News briefs

Union merger proposal seeks industrial clout • Two-thirds give benefits statements • Saskatchewan minimum wage review • Canadian firms wary of offshoring • Who wants to be CEO?

Union merger proposal seeks industrial clout

— The Industrial Wood and Alliance Workers of Canada (55,000 members) and the United Steelworkers of America (190,000 members) have a tentative agreement to merge. If members ratify the merger, the new union will be one of the largest industrial sector unions in North America.

Two-thirds give benefits statements

Brookfield, Wis.
— Sixty-six per cent of North American firms give employees annual benefit statements, a survey by the International Foundation of Employee Benefit Plans shows. The survey is based on responses from 653 Canadian and American organizations.

Saskatchewan minimum wage review

— After two years without a change, Saskatchewan is considering upping its minimum wage from $6.65. “It’s not fair to force minimum wage earners to wait years for a review, and infrequent reviews are also more likely to result in large ‘catch-up’ increases that are not fair to employers,” said Jon Yeo, chair of the province’s Minimum Wage Board. “Reviewing the minimum wage frequently helps to ensure it more accurately reflects the economic circumstances of the day.” The board is accepting submissions from the public until Sept. 15.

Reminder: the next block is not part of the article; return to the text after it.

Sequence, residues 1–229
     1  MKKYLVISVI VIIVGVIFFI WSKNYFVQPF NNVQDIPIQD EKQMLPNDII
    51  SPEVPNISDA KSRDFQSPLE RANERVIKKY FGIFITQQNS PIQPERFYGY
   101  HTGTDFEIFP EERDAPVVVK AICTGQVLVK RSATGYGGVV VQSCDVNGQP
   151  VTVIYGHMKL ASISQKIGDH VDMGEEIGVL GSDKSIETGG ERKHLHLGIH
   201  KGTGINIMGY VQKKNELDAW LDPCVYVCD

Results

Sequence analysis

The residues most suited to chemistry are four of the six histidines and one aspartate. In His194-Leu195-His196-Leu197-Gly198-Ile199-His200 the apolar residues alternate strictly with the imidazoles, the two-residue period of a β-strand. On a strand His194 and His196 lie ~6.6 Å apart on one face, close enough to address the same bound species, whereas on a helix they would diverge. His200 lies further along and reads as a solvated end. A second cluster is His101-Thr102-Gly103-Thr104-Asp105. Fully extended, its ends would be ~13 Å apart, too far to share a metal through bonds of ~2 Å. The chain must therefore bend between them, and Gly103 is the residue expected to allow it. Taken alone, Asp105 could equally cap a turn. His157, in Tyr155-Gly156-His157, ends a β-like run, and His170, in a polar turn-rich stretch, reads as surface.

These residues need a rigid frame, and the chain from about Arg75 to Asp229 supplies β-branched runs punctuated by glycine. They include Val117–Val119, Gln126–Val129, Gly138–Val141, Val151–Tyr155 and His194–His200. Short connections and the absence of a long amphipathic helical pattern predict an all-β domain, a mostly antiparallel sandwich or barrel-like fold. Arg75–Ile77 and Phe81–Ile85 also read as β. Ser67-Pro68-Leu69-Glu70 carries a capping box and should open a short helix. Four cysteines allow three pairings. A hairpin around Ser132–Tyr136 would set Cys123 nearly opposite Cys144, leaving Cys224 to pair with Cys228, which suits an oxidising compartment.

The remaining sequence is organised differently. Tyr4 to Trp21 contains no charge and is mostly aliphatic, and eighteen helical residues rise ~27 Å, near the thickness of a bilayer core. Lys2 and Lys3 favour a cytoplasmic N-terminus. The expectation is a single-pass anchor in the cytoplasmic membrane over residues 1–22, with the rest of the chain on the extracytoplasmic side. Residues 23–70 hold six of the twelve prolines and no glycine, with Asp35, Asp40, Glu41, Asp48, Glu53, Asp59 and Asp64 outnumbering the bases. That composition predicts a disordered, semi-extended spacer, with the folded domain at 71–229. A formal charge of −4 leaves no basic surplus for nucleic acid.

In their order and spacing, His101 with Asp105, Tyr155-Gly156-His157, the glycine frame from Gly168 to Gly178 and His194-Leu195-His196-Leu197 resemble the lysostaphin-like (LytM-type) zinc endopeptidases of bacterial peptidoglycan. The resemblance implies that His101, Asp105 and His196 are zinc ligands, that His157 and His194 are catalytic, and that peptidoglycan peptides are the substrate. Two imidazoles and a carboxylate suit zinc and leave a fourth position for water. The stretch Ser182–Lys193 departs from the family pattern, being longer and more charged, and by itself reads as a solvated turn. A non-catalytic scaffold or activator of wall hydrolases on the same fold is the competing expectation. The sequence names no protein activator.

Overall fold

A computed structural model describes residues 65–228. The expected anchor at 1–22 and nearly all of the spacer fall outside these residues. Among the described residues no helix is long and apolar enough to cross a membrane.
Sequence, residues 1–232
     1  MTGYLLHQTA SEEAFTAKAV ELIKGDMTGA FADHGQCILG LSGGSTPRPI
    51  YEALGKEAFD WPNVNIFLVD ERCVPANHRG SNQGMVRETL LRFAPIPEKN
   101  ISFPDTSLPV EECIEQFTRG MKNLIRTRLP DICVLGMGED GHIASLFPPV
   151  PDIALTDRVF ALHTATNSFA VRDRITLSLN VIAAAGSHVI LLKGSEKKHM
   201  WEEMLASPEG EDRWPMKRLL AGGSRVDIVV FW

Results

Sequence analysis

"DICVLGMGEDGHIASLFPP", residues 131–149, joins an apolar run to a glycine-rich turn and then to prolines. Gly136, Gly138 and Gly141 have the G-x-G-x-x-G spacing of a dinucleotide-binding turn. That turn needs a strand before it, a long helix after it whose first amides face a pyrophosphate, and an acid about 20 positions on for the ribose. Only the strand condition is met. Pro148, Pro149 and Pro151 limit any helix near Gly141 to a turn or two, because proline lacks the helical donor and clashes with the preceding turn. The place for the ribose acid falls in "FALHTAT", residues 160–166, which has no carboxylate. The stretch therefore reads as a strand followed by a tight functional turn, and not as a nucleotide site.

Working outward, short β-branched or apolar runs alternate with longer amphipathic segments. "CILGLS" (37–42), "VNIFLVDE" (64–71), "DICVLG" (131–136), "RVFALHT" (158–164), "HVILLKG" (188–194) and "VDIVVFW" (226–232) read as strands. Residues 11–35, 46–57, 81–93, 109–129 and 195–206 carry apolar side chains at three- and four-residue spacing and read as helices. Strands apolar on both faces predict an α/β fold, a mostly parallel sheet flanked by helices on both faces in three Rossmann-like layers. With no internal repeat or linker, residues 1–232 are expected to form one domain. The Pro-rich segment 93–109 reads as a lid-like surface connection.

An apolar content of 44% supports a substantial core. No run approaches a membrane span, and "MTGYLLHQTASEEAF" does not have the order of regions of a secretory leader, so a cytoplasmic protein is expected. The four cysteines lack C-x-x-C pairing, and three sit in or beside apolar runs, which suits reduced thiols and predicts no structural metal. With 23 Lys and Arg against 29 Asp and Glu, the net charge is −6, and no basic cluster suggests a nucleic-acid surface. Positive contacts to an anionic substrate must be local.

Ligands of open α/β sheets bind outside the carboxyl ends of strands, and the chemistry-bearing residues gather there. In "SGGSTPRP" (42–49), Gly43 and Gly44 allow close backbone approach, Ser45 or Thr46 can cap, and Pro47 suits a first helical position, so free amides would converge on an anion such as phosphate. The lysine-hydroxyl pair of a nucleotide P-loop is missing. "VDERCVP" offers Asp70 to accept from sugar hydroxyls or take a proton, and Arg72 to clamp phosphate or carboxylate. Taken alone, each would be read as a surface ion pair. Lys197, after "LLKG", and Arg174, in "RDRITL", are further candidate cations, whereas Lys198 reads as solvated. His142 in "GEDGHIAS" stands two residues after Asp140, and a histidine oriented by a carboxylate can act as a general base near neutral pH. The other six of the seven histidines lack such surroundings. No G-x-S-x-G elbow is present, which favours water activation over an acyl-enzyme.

Canadian firms wary of offshoring

— Overseas outsourcing of business processes, including payroll and benefits administration, holds little attraction for 88 per cent of Canadian companies, a study by Ipsos-Reid indicates. Approximately 600 businesses were polled.

Who wants to be CEO?

New York
— Women aspire to top corporate positions in numbers rivalling men, a study by the equity advocacy group Catalyst states. Dispelling the myth that there are fewer female CEOs because of personal choices, Catalyst polled 948 vice-presidents at Fortune 1000 firms to find 55 per cent of women and 57 per cent of men want the top job, regardless of whether or not they have children.

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